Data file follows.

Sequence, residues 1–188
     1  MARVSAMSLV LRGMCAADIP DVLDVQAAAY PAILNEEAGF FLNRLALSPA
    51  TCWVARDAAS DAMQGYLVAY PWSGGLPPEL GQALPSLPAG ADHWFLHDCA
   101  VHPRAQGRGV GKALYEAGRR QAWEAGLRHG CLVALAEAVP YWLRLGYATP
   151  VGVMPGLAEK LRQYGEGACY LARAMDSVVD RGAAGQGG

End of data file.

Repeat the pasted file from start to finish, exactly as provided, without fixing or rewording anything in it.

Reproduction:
Sequence, residues 1–188
     1  MARVSAMSLV LRGMCAADIP DVLDVQAAAY PAILNEEAGF FLNRLALSPA
    51  TCWVARDAAS DAMQGYLVAY PWSGGLPPEL GQALPSLPAG ADHWFLHDCA
   101  VHPRAQGRGV GKALYEAGRR QAWEAGLRHG CLVALAEAVP YWLRLGYATP
   151  VGVMPGLAEK LRQYGEGACY LARAMDSVVD RGAAGQGG